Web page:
Landsat’s Critical Role in Urban Planning
Cities are places of light, action, complex social interactions, multi-faceted cultures, and fast-paced living. It’s no wonder cities are growing faster than rural areas. Earth experienced a milestone in the history of urban landscapes in 2008-09. More than 50 percent of the world’s human population now lives in areas of contiguous urban development. People are driving landscape-scale changes on our planet. Considering that people change the land surface, vegetation, water cycle, radiant heat, and other aspects of the landscape, the nature of this milestone has important implications for life. Using Landsat data, people can monitor urban change and also forecast patterns of change in future urban landscapes. Landsat sensors employ a spatial resolution of 30 m, an ideal scale for observing human impacts on the land. The sensors detect urban growth with visible and infrared reflectivity consistently, objectively, and dependably over time.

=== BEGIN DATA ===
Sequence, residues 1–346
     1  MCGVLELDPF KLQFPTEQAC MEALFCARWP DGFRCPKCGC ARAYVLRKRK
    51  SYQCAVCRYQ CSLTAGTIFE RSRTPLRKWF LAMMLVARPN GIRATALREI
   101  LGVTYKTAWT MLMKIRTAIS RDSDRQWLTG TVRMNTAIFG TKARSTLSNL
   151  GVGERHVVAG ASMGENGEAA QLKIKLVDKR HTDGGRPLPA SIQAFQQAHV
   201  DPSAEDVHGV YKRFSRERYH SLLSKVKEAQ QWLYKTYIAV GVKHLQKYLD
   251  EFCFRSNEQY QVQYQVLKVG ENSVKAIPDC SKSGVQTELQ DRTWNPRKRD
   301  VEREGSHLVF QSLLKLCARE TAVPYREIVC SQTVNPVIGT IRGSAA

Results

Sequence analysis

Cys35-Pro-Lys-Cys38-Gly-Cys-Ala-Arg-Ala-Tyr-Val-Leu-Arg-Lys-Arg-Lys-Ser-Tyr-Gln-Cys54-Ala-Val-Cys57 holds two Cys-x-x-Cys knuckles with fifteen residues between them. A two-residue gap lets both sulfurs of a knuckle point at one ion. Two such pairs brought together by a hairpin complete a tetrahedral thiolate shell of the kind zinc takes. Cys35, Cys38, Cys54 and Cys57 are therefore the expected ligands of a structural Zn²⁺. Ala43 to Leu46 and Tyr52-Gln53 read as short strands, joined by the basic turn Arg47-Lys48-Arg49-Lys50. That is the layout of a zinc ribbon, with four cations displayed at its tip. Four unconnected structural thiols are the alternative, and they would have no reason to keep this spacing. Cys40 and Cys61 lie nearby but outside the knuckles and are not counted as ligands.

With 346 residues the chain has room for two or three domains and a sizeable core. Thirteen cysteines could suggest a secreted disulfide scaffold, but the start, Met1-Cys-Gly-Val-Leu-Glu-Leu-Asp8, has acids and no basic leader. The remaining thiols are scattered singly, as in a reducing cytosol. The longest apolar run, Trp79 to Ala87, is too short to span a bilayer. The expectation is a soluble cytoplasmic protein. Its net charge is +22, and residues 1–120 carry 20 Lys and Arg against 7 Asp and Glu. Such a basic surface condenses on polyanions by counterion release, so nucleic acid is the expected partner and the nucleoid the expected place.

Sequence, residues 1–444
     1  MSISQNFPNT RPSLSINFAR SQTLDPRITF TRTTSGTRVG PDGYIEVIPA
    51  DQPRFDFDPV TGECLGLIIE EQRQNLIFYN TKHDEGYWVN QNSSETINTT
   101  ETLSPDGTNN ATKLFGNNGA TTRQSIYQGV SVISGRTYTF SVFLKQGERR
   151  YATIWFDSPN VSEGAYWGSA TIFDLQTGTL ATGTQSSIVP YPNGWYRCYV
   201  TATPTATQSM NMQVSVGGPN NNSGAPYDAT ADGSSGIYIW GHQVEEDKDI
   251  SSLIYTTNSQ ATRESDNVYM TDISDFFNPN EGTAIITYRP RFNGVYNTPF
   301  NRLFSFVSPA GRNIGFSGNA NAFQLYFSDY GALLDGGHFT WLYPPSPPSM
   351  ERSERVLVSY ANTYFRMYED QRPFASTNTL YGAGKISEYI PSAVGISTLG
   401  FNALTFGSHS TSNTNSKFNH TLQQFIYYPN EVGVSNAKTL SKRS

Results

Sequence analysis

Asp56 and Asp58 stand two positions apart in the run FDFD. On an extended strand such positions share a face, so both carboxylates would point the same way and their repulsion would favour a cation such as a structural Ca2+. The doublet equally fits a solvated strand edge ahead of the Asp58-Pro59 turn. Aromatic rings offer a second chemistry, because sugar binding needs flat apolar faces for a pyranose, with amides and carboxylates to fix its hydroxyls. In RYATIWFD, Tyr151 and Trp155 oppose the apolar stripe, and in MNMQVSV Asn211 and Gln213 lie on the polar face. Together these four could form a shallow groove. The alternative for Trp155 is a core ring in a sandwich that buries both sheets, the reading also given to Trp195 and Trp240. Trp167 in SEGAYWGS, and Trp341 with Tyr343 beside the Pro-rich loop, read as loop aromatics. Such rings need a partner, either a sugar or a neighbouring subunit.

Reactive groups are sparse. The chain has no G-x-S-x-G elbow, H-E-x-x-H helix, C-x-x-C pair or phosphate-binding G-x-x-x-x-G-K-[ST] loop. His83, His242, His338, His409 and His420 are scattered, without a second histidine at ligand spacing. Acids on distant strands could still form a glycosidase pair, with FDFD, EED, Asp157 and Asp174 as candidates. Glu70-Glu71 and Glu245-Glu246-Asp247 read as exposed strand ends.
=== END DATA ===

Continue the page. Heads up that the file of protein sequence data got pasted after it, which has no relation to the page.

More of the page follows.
Urban Planning Specifics
In a recent Eos Project Update, a group of researchers from Italy and NASA’s Jet Propulsion Lab shared the results of their large Po Plain Experiment (POPLEX).
More and more we hear the term “anthropocene” used to describe the current epoch of our planet when humankind has had a profound impact on Earth. This month, the U.S. Geological Survey has released a Landsat-based report and dataset on anthropogenic land use trends in the U.S. between 1974 and 2012.